Two Billion Beats review – moving portrayal of sisterly love | Theatre


“Play the game,” Asha’s mum tells her. After the gifted teenager hands in an essay on the politician BR Ambedkar, criticising the thoughts of Gandhi, her mother wants her to keep her head down and focus on getting into university. Inspired by historical revolutionaries and iconoclasts, Asha (Safiyya Ingar) cannot resist pointing out the hypocrisy of big thinkers. But can she apply their ideas to fight injustice in the playground too?

In this compelling coming of age drama, the words of Ambedkar and the suffragette Sylvia Pankhurst form the basis of Asha’s political learning. First shown as part of the Orange Tree’s Inside/Outside livestream over lockdown, Sonali Bhattacharyya’s play moves the ideologies from the past into the present. With Asha battling to prove that there are different sides even to history we see as sacred, there is a lot to fit in. The finale may leave threads of these ideas hanging, but the play manages to still feel topical.

Aided by Alex Fernandes’ bold lighting design, which snaps from harsh-coloured flushes to warm daylight tones, Asha similarly switches from sharing her intimate thoughts on racism and society, to daily bus stop chitchat with her sister. Bettina, the younger of the two, is dewy-eyed and sweet, looking always to Asha for guidance. Played earnestly by Anoushka Chadha, innocence bounces out of her as she hangs around, killing time, to be close to her sister. “I’ve literally got your back!” Bettina squeals while repeatedly stepping up and down from the kerb.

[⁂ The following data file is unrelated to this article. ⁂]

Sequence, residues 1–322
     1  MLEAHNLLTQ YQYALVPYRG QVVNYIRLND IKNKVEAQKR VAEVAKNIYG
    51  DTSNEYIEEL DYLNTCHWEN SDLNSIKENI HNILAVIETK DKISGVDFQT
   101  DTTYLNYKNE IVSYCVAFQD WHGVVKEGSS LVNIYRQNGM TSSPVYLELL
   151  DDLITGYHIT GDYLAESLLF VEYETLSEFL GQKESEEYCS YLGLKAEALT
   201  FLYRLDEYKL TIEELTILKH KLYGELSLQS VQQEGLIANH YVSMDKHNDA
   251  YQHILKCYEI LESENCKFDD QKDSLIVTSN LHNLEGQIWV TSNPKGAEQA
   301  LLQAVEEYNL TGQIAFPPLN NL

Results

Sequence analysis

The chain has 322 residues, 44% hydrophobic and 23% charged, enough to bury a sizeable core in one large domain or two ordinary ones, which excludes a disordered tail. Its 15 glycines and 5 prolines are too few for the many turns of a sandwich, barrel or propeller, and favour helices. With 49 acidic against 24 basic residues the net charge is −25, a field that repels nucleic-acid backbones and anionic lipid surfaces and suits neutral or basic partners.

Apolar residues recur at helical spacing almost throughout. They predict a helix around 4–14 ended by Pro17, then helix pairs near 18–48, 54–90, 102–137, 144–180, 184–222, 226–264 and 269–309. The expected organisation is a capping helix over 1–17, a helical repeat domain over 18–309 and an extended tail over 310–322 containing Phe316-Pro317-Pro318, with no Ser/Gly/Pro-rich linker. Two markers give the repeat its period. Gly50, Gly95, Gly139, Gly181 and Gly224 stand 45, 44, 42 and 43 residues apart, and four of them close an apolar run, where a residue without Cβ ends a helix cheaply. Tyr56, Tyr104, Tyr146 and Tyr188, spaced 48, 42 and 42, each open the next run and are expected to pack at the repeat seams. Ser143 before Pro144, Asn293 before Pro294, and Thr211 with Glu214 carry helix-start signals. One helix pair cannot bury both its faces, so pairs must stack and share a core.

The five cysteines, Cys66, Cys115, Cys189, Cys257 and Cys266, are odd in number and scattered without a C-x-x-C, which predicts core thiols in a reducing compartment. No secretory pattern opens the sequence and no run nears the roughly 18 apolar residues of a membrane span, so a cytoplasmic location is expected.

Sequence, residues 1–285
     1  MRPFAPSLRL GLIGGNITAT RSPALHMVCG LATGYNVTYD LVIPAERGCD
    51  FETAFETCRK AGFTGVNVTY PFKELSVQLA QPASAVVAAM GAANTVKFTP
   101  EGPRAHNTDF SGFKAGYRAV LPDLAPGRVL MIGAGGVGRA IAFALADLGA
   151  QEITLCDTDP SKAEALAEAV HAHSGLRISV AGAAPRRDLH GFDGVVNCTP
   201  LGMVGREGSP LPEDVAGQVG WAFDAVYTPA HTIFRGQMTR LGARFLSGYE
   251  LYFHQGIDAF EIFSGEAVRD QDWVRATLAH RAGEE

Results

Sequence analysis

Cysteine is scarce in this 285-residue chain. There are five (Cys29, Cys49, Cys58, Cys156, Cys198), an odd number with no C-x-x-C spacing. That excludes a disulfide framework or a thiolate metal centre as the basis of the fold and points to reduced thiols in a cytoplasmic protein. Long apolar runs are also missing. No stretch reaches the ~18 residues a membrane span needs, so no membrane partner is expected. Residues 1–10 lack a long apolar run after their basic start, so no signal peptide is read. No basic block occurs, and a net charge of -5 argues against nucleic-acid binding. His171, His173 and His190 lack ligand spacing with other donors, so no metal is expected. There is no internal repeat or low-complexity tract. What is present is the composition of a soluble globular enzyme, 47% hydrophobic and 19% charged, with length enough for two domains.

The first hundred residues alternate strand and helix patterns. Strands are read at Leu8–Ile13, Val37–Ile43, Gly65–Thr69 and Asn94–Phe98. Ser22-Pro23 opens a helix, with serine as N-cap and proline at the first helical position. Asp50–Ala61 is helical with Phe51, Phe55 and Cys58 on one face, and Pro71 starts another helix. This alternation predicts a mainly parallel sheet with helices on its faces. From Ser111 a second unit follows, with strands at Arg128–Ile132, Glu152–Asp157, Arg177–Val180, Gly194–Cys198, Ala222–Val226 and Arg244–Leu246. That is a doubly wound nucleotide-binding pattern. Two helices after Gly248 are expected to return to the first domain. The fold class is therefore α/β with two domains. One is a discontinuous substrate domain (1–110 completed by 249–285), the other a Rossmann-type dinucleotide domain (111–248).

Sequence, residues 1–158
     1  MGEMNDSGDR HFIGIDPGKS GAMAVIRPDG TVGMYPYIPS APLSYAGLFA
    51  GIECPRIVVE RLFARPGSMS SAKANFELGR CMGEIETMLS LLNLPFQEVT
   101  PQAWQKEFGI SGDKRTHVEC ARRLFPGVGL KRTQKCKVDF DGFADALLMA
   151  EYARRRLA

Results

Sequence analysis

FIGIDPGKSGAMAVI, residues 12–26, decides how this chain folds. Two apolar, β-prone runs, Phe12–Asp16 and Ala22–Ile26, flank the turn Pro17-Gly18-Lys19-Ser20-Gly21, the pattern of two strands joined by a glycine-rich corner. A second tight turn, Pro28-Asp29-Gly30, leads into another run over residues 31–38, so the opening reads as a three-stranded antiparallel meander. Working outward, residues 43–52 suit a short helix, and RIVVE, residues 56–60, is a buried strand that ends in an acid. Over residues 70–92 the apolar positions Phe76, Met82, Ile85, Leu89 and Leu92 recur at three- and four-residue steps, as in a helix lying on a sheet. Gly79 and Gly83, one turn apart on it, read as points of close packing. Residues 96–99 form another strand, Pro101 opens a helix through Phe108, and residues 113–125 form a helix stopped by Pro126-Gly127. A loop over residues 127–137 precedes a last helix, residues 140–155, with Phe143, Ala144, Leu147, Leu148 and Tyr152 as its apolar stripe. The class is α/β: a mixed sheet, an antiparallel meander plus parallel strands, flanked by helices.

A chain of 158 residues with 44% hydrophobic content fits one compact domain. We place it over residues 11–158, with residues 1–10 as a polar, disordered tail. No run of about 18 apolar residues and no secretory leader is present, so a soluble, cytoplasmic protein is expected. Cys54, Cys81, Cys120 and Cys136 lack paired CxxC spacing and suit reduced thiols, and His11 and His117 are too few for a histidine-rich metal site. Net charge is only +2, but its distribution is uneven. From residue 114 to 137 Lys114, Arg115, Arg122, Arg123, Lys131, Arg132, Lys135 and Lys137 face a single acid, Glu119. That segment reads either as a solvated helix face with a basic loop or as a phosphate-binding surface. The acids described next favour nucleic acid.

The sisters’ relationship gives heart to this fully packed two-hander. As they work together to find a way to protect Bettina from bullies who steal her birthday money on the school bus, their innate difference makes their relationship all the more delightful. When they celebrate their success in an elaborate dance routine, I’d defy anyone to remain unmoved.

Directed by Nimmo Ismail and stuffed with moments that radiate warmth – including the appearance of a live hamster on stage – the play conveys the gentle unpredictability of sibling love in its purest form.

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